Tuesday in the Last Week of Ordinary Time

The Nicene Creed

He Ascended into Heaven

He ascended into heaven and is seated at the right hand of the Father

Having just finished the Book of Hebrews, this clause in the Creed sounds very familiar.  Upon our Lord’s resurrection—a resurrection in which he arose in the body he carried with him before his crucifixion, but a body now under the dominion of the Spirit rather than the flesh—he appeared before his disciples during a forty-day period thus proving his resurrection and the new life they were now promised.  But it was necessary that he go away because: 1) It was obviously improper that he remain as he could never experience death again, and 2) His removal was necessary to make way for the coming and work of the Holy Spirit (John 16:7-15).

But our Lord’s removal did not mean that his work was finished; indeed, he simply took up another task for which his work on earth had prepared him.  First, there was and is his enthronement at the Father’s Right Hand—the place of honor and power.  This act answers his role as King of kings and Lord of lords, the Conqueror of death and hell, the one before whom all angels, principalities, and powers bow.  His office of Prophet is answered as the Holy Spirit enlightens men’s minds to the word of God as pastors, elders, and teachers proclaim the word he has taught them.

But it is chiefly his priestly office that concerns us, for it was his priestly role he exercised when he acted as both Sacrifice and the One who offered the sacrifice.  And it is his priestly role in which he continues at the Father’s side, making intercession for the saints (Hebrews 7:25).  In other words, from there he is our Great High Priest—the one who forgives and through whom we are forgiven.  To that place, he has ascended with his risen flesh and human nature so that we have been lifted with him into the heavenly places (Ephesians 2:6), for as our sins became his, his resurrection and life are now ours, awaiting that last trumpet when we shall be changed and mortality put on immortality and corruption incorruption (1 Corinthians 15:53-55).  It was through his priestly office that he accomplished this for us—washing us clean, sanctifying us through his blood, making us acceptable unto the Father, and securing us a place in the heavenlies.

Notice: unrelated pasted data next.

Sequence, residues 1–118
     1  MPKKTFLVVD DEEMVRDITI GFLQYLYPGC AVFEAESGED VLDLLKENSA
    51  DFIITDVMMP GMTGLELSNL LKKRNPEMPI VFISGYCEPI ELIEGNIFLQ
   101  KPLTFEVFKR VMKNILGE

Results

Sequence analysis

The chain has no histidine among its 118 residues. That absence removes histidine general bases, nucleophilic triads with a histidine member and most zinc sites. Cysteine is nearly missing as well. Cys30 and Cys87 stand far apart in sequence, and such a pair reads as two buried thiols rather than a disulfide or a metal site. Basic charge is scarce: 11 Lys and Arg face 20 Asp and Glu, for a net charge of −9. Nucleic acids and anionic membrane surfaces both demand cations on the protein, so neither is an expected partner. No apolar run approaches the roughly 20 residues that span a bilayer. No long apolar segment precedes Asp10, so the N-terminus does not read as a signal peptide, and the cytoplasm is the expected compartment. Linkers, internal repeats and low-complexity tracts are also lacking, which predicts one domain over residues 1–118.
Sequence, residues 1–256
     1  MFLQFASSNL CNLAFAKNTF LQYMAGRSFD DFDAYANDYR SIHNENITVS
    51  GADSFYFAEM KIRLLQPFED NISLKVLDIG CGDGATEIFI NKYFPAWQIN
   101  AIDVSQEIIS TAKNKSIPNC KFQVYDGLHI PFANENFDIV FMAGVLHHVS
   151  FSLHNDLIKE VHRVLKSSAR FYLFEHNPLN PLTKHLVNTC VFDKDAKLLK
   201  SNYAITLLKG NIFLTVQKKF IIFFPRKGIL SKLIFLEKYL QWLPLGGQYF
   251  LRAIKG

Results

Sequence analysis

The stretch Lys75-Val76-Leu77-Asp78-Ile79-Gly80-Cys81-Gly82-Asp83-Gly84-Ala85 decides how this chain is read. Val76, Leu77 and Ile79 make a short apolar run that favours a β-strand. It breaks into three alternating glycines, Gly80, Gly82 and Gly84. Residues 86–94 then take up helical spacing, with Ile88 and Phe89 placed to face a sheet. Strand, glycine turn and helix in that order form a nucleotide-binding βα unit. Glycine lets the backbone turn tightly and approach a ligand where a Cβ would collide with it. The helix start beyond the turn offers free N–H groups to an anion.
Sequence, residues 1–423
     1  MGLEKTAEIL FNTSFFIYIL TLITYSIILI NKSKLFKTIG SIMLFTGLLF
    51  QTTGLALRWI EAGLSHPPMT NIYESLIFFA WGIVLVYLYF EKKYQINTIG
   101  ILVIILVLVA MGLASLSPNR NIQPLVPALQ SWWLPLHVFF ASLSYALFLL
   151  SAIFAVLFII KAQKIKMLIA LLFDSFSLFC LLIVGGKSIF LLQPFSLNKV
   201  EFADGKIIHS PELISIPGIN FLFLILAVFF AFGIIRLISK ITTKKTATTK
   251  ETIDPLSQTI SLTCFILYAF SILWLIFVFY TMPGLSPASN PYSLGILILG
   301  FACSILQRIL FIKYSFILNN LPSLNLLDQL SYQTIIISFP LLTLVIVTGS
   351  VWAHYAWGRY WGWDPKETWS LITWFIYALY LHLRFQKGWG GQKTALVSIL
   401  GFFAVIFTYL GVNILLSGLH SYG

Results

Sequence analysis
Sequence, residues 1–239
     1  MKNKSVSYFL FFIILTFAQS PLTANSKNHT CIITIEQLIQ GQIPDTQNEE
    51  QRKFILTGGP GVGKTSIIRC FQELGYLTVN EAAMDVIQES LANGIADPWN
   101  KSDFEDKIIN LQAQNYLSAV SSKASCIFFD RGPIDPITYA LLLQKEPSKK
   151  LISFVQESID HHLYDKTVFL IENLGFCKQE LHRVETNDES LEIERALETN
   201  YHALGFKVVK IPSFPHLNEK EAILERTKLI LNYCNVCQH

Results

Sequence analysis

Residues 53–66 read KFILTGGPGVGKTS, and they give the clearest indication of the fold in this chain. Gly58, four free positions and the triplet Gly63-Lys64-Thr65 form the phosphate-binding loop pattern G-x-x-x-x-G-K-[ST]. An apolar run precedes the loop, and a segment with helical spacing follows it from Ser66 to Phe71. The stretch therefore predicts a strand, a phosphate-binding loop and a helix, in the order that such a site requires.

And from there he yet works—interceding on our behalf, providing us strength, power, and endurance for the journey.  And we’ve not far to go; this life is but a breath.  And then, eternity with him and the saints in light.

Author: The Reformed Baptist

My name is Stephen Taylor, ordained Baptist minister of eighteen years pastoral experience with a Ph.D. in Historical Theology from Southwestern Baptist Theological Seminary in Fort Worth, Texas. Better than that, I am married to a godly woman, Karla, who has been very patient with me since 1989. I have two daughters, both of whom I homeschooled for extended periods of time, who became godly young women, and who ran off and married godly young men, all of which is very proper. The oldest daughter has even seen fit to bless me with a grandson and a granddaughter, and my youngest daughter with a grandson, all three of whom are bundles of exceeding joy. As you can see, I am quite blessed. This website is dedicated to helping people grow in the wisdom and knowledge of our Lord Jesus Christ through the gift of writing that the Lord has given to me. It is specifically about helping His people grow in godliness, the theme you see repeated above. I write devotions with this aim and hope that they might be of some help to God’s people. Full disclosure: I am of a Reformed bent, meaning that my understanding of Scripture is primarily informed by the Reformers and their successors of the sixteenth and seventeenth centuries. However, as a student of church history and theology, I strive to remain true to that teaching handed down once for all unto the saints through every age of the Church. I like to think of myself as a “catholic” Christian, as the Reformers thought of themselves. At any rate, feel free to read, pray, and contact me if you wish, or correct me if need be. As you can see, I tend to follow the church year. Of course, I make no special claims about these devotions. I know very well that others have written better and plumbed the depths of God’s word with greater insight. But if my musings help someone draw closer to the Lord, well then, I have my reward. Blessings to you and may the God and Father of our Lord and Savior Jesus Christ speak to you that word which He knows you especially need to hear. Grace & peace, Stephen Taylor

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